Home Local News A Lot to Lose: ‘Booze It & Lose It’ statewide kickoff held...

A Lot to Lose: ‘Booze It & Lose It’ statewide kickoff held in Durham

The Governor's Highway Safety Program recently kicked off it's holiday "Booze It & Lose It" campaign in Durham.

DURHAM — While the end of the year brings about the merriment of the holiday season, it also brings out impaired drivers.

In an effort to remove drunk drivers from North Carolina roadways, the Governor’s Highway Safety Program teams up with law enforcement around the state to kick off the annual Holiday  “Booze It & Lose It” Campaign.

During the campaign, which lasts from Dec. 16 until Jan. 5, law enforcement will hold enhanced patrols across all 100 counties to catch and educate impaired drivers.

This year’s statewide kickoff event was held at Diamond View Park in Durham with the support of Mayor Steve Schewel, Durham County District Attorney Satana Deberry, Durham County Sheriff Clarence F. Birkhead, officials from the Durham Police Department and Mothers Against Drunk Driving.

Amongst the dignitaries was one of the most powerful voices in the campaign against drunk driving, Ms. Nichole Hutchinson, a nationally recognized voice in the fight.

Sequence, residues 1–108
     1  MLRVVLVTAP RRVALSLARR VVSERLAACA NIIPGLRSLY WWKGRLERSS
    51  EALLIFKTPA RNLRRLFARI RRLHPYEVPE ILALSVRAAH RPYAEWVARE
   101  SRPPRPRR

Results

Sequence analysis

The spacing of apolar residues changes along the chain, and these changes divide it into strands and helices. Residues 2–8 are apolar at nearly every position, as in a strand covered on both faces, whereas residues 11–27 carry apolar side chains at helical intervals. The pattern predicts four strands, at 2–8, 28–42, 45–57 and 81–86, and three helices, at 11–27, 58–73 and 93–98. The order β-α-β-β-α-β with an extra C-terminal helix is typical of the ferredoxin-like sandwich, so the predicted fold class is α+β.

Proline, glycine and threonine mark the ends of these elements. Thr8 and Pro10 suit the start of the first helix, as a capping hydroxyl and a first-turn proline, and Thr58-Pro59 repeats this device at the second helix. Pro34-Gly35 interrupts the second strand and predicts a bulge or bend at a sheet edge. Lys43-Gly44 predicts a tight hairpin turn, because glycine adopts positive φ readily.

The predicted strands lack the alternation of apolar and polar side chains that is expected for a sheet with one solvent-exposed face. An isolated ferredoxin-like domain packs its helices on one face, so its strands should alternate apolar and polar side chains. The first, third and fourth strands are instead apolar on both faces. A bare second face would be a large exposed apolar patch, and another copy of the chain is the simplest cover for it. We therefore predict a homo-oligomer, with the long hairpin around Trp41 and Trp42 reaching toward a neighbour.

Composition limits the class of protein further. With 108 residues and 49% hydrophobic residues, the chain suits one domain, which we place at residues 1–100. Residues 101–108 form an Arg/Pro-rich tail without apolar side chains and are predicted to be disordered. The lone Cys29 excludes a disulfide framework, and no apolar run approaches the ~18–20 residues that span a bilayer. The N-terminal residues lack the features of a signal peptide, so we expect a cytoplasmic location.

“On September 13, 1996, my little sister Darcie was killed by a three-time drunk driving offender,” Hutchinson said.

“It’s all about choices. You make the right choices and what they should be. Is it a choice to have a sober designated driver, is it a choice to call a ride share? I’m asking everyone to make the safe choice,” Hutchinson said.

“When you have a plan in place your odds of getting home safer are that much greater,” Hutchinson concluded.

“The holiday season is one of the deadliest on North Carolina roadways with impaired driving being one of the main causes,” said Mark Ezzell, Director of the NC Governor’s Highway Safety Program.


“Around the state 422 lives were claimed in 2018 due to drunk driving. In 2018, Durham county was among the top ten counties for people killed in total crashes and alcohol-related crashes. Though impaired driving crashes are down considerably so far this year, there is still much work to do,” Ezzell concluded.


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